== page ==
There are a lot of different ways to create a company culture. One of them is getting employees involved in the process. This not only builds buy-in, it also improves engagement. The people influencing decisions are naturally going to choose activities or goals that interest them. So how can you creatively encourage employees to build their own company culture?
1. Lead by example.
Start your next meeting by announcing a new team event or activity. Explain that you’d like to do events or activities on a monthly basis and that you’d appreciate everyone’s involvement. Get each individual to contribute ideas for fun activities to do as a company. This is an easy way to get the entire team to build a company culture and be involved in these types of decisions. - Russell Kommer, eSoftware Associates Inc
2. Put them in charge of events or activities.
Have employees create an activity or event schedule around certain types of cultural norms they want to integrate into the main culture. This empowers them and helps them feel more involved in the process. Plus, it helps you know exactly what they want to do. - Drew Hendricks, Buttercup
3. Ask team members to share stories.
Each week during our team meeting, I ask a question that lets people share something about their life. One of my favorites is, “If you could save one non-essential good from your home and had to leave everything else behind, what would you save?” I feel it’s a practice that fosters a culture in which everyone on the team feels very connected. - Mark Krassner, Expectful
4. Create a Facebook group.
My company is spread out over two locations, and as we grow, one of my favorite ways to keep in regular contact with all of the employees is via our Facebook group (for employees only). They share videos, pictures of their families and post events that they are hosting, like performances. This creates a fun company culture that is created and run by the employees. - Rachel Beider, Massage Greenpoint, Massage Williamsburg
5. Get out of the office.
Deep personal connections among team members require time away from the computer and out in the real world. Whether it’s food or drinks after work, a monthly outing or a quarterly retreat, having a chance to leave work at work and have real conversations with each other is key. Add a unique activity or environment, and you’re likely to see a big boost in relationships. - Ross Beyeler, Growth Spark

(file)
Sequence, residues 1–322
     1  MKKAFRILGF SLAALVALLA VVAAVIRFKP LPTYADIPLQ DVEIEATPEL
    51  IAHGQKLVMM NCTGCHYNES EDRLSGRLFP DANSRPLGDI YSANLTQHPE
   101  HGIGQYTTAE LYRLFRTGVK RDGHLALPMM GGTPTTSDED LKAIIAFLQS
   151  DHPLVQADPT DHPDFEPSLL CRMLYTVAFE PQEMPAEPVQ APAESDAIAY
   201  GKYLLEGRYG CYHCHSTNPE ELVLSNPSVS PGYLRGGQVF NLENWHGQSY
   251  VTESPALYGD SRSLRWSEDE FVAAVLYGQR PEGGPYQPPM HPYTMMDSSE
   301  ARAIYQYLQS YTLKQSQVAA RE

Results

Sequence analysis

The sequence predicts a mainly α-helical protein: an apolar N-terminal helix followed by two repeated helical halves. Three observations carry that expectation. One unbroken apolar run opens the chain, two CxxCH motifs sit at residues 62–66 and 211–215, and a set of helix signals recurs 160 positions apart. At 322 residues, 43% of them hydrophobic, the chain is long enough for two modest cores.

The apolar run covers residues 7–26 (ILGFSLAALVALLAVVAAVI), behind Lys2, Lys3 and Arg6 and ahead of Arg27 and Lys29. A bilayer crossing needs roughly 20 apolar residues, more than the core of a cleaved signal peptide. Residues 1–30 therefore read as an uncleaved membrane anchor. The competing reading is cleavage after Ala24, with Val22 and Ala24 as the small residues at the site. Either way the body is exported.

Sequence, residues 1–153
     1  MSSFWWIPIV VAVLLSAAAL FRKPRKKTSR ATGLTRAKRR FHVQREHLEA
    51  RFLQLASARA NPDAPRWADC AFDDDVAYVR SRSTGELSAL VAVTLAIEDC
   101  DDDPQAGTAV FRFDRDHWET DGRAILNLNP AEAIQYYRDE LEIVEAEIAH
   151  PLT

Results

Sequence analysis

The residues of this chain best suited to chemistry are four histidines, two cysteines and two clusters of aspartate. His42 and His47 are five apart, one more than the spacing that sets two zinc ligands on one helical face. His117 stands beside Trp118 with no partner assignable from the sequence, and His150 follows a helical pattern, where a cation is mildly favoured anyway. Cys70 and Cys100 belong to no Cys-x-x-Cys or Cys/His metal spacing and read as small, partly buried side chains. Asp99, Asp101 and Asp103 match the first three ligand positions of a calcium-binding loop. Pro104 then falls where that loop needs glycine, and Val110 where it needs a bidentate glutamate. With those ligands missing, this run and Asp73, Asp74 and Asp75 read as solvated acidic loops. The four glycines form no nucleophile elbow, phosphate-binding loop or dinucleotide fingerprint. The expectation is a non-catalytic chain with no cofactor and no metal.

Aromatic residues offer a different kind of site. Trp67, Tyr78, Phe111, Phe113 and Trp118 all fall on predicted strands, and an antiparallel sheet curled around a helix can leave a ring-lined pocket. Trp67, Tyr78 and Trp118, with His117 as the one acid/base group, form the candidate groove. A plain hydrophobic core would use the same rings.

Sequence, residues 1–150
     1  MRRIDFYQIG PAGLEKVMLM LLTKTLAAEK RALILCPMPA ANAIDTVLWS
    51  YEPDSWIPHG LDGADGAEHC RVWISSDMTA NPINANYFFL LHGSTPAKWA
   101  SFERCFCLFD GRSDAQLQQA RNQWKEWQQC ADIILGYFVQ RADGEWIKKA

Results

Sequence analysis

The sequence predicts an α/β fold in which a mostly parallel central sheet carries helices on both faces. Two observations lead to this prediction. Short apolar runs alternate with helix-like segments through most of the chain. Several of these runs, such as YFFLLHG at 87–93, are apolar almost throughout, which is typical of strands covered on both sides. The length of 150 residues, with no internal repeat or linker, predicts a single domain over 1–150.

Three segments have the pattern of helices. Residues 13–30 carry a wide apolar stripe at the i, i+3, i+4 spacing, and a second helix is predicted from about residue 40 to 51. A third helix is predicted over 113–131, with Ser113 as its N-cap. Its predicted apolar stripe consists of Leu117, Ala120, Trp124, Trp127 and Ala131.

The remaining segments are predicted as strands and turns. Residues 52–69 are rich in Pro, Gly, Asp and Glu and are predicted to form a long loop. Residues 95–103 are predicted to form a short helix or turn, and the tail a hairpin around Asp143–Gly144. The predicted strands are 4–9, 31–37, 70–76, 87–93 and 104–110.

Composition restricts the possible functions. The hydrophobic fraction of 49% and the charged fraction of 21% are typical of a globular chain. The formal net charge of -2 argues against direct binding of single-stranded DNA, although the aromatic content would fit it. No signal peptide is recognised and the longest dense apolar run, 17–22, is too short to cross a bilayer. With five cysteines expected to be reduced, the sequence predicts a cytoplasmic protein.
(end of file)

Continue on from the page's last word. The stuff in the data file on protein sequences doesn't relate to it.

6. Hire the right people from the get-go.
Culture is built by the team organically over time and can’t be forced. As a leader, you set the loose guidelines, but your team is what brings it to life. The key to encouraging your ideal culture is hiring the right people for your company from the start. Employees that fit and agree with your vision are crucial. One bad egg can ruin culture, so keep it in mind whenever interviewing candidates. - Kyle Goguen, Pawstruck
7. Treat everyone to lunch.
Every Friday, we bring a catered lunch into the office. Because it’s only once a week, it’s something that most people are able to join. It’s an informal break where employees can chat, talk shop and in general forge stronger relationships with each other. Plus, everyone loves a free lunch! - Stan Garber, Scout RFP
8. Designate time for non-work-related conversation.
As a remote company, we have to be creative when it comes to facilitating company culture. We have special Slack channels designated for topics that aren’t work-related and encourage our team to take part in the conversation. This gives our team the chance to get to know one another on a personal level and take initiative with creating and building their own culture within the organization. - Jared Brown, Hubstaff Talent
9. Let them brainstorm alone.
I recently had my team meet without me to discuss their goals and ideas for the company. They’re compiling what they came up with on a vision board to review with me. I’ve found this gives them a forum to be creative, share ideas and feel invested in the direction of the company. - Leila Lewis, Be Inspired PR
10. Trust them with an assignment.
The only way your employees will truly buy into your company culture is if they take pride and ownership in what they do. They might be intimidated, but they’ll rise to the challenge knowing that you are trusting them with your business. Employees seldom want to disappoint their boss, so you can expect to see good results! - Duran Inci, Optimum7
11. Encourage individual freedom.
I like to give my individual teams the power to create their own schedules, internal dynamics and personal workflow. For example, our production team organically initiated daily walks around the block, which has now become a key opportunity for them to clear their minds while bonding on a personal level outside of the office. I’ve found this has even boosted overall productivity. - Justin Lefkovitch, Mirrored Media
These answers are provided by the Young Entrepreneur Council (YEC), an invite-only organization comprised of the world’s most promising young entrepreneurs. In partnership with Citi, YEC recently launched BusinessCollective, a free virtual mentorship program that helps millions of entrepreneurs start and grow businesses.